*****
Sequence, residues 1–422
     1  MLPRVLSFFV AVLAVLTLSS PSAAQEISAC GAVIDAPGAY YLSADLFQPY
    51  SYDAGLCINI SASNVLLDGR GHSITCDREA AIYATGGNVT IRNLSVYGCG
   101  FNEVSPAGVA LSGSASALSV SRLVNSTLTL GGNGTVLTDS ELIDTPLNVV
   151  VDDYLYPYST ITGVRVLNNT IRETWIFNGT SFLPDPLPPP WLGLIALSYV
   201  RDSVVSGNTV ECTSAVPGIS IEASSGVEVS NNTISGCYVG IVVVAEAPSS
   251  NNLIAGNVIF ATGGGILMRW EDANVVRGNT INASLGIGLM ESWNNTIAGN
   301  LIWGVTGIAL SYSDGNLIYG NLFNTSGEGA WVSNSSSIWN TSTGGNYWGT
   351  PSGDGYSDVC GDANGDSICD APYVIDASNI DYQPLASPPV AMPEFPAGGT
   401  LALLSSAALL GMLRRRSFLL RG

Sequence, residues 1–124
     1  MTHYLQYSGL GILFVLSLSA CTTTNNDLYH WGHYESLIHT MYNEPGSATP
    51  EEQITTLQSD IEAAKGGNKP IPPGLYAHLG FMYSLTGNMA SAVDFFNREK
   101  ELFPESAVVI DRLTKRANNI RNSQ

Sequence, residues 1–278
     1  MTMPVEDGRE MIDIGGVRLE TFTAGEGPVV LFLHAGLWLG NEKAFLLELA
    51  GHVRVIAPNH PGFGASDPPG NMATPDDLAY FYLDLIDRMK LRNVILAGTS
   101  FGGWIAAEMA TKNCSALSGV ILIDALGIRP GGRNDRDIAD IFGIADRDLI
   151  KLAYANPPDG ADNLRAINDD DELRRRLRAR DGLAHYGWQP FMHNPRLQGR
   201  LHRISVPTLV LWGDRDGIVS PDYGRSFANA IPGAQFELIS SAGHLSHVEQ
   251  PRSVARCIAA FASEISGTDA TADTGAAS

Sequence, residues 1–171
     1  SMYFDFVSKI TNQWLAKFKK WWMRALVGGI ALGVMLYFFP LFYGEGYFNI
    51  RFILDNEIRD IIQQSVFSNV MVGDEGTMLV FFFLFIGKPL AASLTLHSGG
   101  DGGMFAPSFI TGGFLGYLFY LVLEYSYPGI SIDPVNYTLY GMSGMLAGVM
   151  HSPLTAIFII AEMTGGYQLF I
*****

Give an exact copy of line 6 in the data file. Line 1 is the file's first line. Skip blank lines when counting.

   201  RDSVVSGNTV ECTSAVPGIS IEASSGVEVS NNTISGCYVG IVVVAEAPSS